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Re: Stack Reorganization Patch
- From: Joern Rennecke <joern dot rennecke at superh dot com>
- To: "Naveen Sharma, Noida" <naveens at noida dot hcltech dot com>
- Cc: gcc-patches at gcc dot gnu dot org, Zack Weinberg <zack at codesourcery dot com>, Jan Hubicka <jh at suse dot cz>, Alexandre Oliva <aoliva at redhat dot com>, Gary Funck <gary at intrepid dot com>, Joe Buck <Joe dot Buck at synopsys dot com>
- Date: Tue, 18 Feb 2003 19:57:46 +0000
- Subject: Re: Stack Reorganization Patch
- Organization: SuperH UK Ltd.
- References: <E04CF3F88ACBD5119EFE00508BBB212106B967E7@exch-01.noida.hcltech.com>
"Naveen Sharma, Noida" wrote:
> Hi Everyone,
> Some time back we had a discussion on layout of locals
> on stack at (http://gcc.gnu.org/ml/gcc/2002-05/threads.html#02838).
> With that in mind, here is a patch which delays assignment of hard
> stack slots till after register allocation. It works as follows.
> A call to assign_stack_local_1 is intercepted and we return a rtx
> of the form (mem:mode reg/f/c:Pmode regno) for each requested stack slot
> instead of normal form (mem:mode (plus:Pmode fp const_int offset)).
> Note that the special flag /c is used to tell that this is
> stack address pseudo. The register allocator should not try to
> allocate any hard reg for this because it is already a known
> stack slot.After register allocation, we sort the allocated stack
> slots by size and number of references and convert it to normal
> "fp + offset" form. We also have to mark them live at end of
> each basic block.
Your comparison function for qsort never returns 0. I see nothing in the
man page for qsort that says that an implementation must not compare a value
with itself. The name kind of implies that it is doing a quicksort, but
that is not guaranteed.
A reason why you see performance decrease on some benchmarks, apart from
the usual optimizer noise, could be that you don't seem to consider
spatial and temporal locality. When you look at the definition for
LEGITIMIZE_RELOAD_ADDRESS for the SH, you will see that for 32 bit integer
values, there are 16 slots that can be addressed directly, and the other
addresses come in groups of 16 that can be addressed with a common base
register. If there are multiple stack slots in the same group in
succession, reload typically needs to load the base register just once.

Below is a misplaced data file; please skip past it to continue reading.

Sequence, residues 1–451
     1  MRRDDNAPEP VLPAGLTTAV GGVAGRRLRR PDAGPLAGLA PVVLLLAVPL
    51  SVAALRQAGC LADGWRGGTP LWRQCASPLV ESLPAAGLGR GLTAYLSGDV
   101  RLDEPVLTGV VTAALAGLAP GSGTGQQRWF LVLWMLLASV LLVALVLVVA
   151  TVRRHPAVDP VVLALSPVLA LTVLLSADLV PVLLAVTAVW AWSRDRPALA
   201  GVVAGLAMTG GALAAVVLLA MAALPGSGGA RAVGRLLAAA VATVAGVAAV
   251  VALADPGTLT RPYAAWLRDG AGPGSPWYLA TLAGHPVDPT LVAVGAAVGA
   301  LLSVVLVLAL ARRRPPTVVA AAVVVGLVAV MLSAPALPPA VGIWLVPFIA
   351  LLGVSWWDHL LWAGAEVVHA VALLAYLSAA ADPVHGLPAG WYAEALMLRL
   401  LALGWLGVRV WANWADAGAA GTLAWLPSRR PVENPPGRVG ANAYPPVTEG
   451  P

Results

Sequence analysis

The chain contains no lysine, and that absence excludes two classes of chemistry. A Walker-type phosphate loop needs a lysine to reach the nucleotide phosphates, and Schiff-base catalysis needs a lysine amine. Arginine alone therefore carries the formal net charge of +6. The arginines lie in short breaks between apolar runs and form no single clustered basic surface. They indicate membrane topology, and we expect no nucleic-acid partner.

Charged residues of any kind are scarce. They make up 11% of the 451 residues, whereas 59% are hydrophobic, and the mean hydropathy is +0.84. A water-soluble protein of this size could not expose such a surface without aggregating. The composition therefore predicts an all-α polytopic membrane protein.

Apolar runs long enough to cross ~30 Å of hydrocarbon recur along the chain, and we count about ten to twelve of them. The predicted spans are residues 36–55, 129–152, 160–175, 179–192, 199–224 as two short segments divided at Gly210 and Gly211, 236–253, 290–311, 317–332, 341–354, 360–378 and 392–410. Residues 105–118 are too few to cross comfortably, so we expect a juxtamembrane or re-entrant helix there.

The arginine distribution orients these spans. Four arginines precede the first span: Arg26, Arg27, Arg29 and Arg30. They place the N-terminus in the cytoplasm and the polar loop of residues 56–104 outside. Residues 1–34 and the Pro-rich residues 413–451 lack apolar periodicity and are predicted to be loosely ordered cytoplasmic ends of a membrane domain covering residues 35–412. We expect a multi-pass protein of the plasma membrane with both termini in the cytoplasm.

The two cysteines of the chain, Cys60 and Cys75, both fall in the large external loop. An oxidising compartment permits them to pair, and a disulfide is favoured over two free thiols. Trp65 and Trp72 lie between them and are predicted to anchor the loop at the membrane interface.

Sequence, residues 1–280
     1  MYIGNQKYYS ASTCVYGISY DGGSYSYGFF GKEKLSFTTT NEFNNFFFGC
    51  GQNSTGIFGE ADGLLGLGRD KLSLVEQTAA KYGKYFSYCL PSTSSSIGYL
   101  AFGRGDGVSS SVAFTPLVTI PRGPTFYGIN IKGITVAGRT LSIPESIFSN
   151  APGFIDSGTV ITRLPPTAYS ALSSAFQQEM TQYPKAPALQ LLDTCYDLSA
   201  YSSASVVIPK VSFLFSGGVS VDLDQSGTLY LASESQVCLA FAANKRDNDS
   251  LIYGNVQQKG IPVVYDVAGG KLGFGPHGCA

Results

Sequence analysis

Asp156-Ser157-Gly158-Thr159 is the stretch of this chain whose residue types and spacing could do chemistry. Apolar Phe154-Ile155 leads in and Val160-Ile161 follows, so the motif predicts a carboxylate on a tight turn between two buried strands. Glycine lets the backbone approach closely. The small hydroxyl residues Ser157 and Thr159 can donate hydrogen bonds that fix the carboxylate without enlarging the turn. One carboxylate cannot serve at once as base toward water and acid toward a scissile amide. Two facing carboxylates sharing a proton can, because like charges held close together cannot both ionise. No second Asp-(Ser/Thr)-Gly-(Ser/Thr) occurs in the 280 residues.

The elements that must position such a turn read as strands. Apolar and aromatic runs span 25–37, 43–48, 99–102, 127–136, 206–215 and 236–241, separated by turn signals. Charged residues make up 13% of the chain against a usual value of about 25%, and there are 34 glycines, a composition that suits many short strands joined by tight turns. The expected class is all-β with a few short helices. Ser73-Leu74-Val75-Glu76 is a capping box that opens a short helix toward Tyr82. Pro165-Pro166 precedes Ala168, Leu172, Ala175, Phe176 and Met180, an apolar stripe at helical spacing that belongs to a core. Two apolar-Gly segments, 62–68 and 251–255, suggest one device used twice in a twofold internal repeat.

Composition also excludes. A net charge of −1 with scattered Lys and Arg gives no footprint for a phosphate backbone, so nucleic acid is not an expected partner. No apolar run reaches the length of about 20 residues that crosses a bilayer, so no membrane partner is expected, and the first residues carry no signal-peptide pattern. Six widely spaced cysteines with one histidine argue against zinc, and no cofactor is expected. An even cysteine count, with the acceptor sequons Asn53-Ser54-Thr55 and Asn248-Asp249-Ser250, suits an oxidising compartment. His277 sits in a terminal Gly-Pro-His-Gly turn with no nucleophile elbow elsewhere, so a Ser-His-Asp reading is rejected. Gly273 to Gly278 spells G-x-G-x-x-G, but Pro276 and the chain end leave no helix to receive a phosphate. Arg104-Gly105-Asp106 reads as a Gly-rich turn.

Some codes tend to use stack slots with related purpose in close sucession,
and so with allocation of stack slots in order of encountering the pseudo,
we have a good chance of using the same base register several times of
related accesses. However, with your sorting, if the number of accesses
doesn't match, the pseudos will end up in quite different locations in the
On the other hand, offset size is not linear with cost increase. For the
SH, there are basically three classes:
- directly addressable - 32 bit integers in the rage 0..60
- accessible with an immediate constant load (isolated access)
or a move / add immediate (multiple adjacent accesses) for the -128..+127
- anything above needs a constant load from memory (isolated access)
or a constant load from memory / add (multiple adjacent accesses).
If the offset fits into a 16 bit signed integer, the constant table
entry is smaller than if it doesn't, but that makes hardly a difference
to execution speed.
While I don't know of an algorithm that does a really good job at finding a
nice solution in reasonable time, an obvious possibility to improve things
a bit would be to first use your current sort to put the stack slots into
their respective buckets of 0..60 / -128..+128 / beyond ranges, and then
sort withing these ranges again strictly according to id, thus restoring the
original order within.
Obviously, it does no good to hard-code the numbers for one processor into
the target-independent code, so we could have a target hook that translates
mode/size and tentative offset into cost equivalence classes.
Then you re-sort based on access cost and id.
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